The absence of religious teaching in Barbados’ education programme may be the reason for deviant behaviour among young people today, but educators must not appeal to such moral lessons only in times of trouble, says pastor and teacher Lennox Boyce.
In Boyce’s view, religious teaching carries a strong association with moral values and deserves being integrated with formal academic and vocational education to produce the type of citizen the Barbadian society desires.
“Education is not just a mental journey but also a moral one. Persons without moral education will be more likely to act selfishly, more likely to disregard the consequences of their actions on others and the general welfare of society, more likely to disregard the importance of teamwork, sympathy, empathy and respect for the welfare of others,” Boyce, a pastor at the Silver Sands Church of God, told fellow members of the Coleridge and Parry Secondary School alumni last night in the auditorium of that institution.
“It is also evident that a man who is educated in mind but not in morals may not be the most desirable employee. In a season where the average person will have a first degree or another equivalent qualification, more employers are requiring persons who are team players and who bring a sense of moral education and emotional maturity to the work environment,” he added.
Boyce, a teacher at Ellerslie Secondary School, spoke of Barbados being in an age of “girl fights” being prevalent on social media, growing disrespect for persons in authority, along with pornography and drug use infiltrating schools.
He suggested that “maybe we need a greater influence of the Church in education”.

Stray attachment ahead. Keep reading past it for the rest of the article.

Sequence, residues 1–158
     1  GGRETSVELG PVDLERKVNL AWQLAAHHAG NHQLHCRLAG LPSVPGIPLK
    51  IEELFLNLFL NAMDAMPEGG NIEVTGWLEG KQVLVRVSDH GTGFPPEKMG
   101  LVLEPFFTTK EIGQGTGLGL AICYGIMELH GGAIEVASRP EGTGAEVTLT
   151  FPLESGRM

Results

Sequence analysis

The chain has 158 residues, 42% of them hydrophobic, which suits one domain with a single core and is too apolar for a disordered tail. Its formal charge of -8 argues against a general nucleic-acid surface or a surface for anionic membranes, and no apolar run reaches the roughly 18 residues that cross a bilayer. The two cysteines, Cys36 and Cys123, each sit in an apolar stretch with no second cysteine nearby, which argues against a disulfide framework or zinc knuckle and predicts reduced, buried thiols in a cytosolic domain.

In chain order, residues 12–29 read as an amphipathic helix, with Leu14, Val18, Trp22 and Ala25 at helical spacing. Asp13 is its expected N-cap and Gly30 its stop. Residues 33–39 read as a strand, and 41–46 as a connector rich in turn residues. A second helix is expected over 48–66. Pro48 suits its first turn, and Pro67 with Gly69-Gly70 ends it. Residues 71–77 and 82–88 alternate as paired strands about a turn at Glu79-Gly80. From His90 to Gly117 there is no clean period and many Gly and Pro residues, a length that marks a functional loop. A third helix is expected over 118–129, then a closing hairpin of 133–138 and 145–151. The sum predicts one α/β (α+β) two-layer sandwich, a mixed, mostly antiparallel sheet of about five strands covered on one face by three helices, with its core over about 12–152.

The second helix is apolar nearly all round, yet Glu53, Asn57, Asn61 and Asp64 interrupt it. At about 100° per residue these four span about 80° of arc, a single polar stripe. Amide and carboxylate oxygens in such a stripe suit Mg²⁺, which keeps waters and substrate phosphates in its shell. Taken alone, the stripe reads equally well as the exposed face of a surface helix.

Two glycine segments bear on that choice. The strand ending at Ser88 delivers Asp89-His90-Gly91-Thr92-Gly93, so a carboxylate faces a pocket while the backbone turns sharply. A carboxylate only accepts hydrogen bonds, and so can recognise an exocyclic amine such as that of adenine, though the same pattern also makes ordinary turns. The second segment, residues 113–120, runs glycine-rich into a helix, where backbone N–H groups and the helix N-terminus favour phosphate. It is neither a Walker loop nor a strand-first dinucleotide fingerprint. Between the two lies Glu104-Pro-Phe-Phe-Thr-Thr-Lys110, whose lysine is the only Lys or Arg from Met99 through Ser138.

The pastor noted that for many people, education and religion are seen as incompatible, and “there is an underlying notion inside liberal education circles that religious belief is backwards and contrary to enlightenment”.
“The challenge comes, however, when an epidemic like AIDS begins to wreak havoc on our labour force and the comments usually are that the Church is not doing enough; or when there is increased juvenile crime or youth suicide we hear that the Church needs to play a greater part,” he pointed out.
Boyce said that the Church should not be ridiculed for holding on to traditional values and only thought of as being useful and helpful in times of crisis or when it seems convenient.
The pastor asserted that while churches need to respond when a crisis arises, the Church should be allowed to “share values-based education with students by being involved, even if only at the level of consultancy, in the construction of syllabi that allow for moral education”.
“Not only should children know numbers and colours and have problem-solving skills, but they should also have conflict resolution skills and a moral base that allows them to work together and make decisions based on what is right and good,” he asserted.
Therefore, Boyce said, “partnerships are important in the education of the masses and I am of the opinion that both the Church and State have a pivotal role in ensuring that this happens”.